Even with 378,000 personnel, the Afghan security forces will still fall short, but remember that there are also 140,000 foreign troops in the country. Their presence (assuming that current force levels don’t fall) will bring the total to 518,000 — within shooting distance of the benchmark. That should be more than enough, at least for the time being, considering that the insurgency is isolated among the Pashtuns, who make up less than 50 percent of the population. Of course, if foreign force levels fall by the fall of 2012, the anti-Taliban coalition will find itself  hard-pressed to continue recent battlefield gains, which is another reason why it’s important that the administration and its allies not reduce their forces prematurely.

The gains in the size and effectiveness of the Afghan Security Forces are in large measure a tribute to U.S. Lt. Gen. Bill Caldwell and his superb team at the NATO Training Mission–Afghanistan. They have brought newfound vigor and skill to the “train and assist” mission that had been lagging, along with the rest of the war effort, in past years. Their work isn’t cheap, as the Times notes:

[T]he planned increase will mean billions more in spending to train and maintain the security forces, and 95 percent of that cost is borne by the United States. Between 2003 and 2009, the United States spent $20 billion to finance the Afghan Army and police. A growing force, pay increases that were intended to retain soldiers and police officers, and the costs of improved training and equipment drove the total to $9 billion in 2010, and $11.6 billion is budgeted for this year.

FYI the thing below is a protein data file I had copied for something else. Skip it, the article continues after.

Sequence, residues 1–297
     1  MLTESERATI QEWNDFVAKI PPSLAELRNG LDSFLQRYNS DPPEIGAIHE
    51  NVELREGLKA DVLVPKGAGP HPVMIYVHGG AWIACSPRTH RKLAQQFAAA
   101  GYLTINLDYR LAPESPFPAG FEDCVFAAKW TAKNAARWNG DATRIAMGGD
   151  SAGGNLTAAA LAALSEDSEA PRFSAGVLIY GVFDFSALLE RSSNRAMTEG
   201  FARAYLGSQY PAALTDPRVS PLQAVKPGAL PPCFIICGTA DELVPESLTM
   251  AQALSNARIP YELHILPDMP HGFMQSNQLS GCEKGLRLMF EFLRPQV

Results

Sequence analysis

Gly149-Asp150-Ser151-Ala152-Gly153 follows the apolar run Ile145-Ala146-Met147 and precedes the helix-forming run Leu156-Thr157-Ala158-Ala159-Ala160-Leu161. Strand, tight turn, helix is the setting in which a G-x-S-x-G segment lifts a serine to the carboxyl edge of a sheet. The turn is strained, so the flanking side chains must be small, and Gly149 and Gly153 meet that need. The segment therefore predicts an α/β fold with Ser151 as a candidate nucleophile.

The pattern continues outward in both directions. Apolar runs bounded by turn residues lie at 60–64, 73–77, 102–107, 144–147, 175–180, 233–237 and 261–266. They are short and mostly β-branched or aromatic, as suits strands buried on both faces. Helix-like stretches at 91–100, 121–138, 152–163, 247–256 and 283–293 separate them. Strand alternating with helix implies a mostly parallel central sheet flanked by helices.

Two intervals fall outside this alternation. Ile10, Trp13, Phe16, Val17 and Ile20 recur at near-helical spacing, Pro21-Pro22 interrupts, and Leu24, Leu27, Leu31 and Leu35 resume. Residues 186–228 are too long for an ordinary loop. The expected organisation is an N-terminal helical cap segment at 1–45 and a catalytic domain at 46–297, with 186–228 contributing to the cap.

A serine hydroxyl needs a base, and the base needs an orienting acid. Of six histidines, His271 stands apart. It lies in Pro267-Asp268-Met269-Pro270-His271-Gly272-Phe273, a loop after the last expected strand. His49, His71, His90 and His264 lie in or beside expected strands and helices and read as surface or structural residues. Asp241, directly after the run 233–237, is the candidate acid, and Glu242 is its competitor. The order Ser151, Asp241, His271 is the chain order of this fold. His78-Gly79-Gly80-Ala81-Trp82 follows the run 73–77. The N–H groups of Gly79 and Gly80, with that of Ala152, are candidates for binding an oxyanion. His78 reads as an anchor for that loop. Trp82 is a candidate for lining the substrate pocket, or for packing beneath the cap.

But that’s still a lot cheaper than sending more American troops into harm’s way. What irritates me about the whole situation is that it is the U.S. that has to pick up the tab. Our troops are already doing the bulk of the fighting. Why don’t our rich allies — e.g., Japan, Saudi Arabia, the UAE, France, Italy, Germany, Britain — pay for more of the cost of training? Some of those countries have made sizable troop contributions; others haven’t. But the U.S. has done more than any of them in terms of fighting the Taliban directly. Why do we have to do so much more than the rest of them in financing the Afghan Security Forces too?

I should note that their failure to ante up should not be an excuse for us to walk away. This is not an act of altruism; it is very much in America’s national-security interest to have a functional and effective security force in Afghanistan to prevent a Taliban/al-Qaeda takeover. Our security perimeter runs right through the Hindu Kush. But that is also true for many of our allies who would also face severe repercussions from a Taliban takeover. They should be doing more to avert that catastrophe.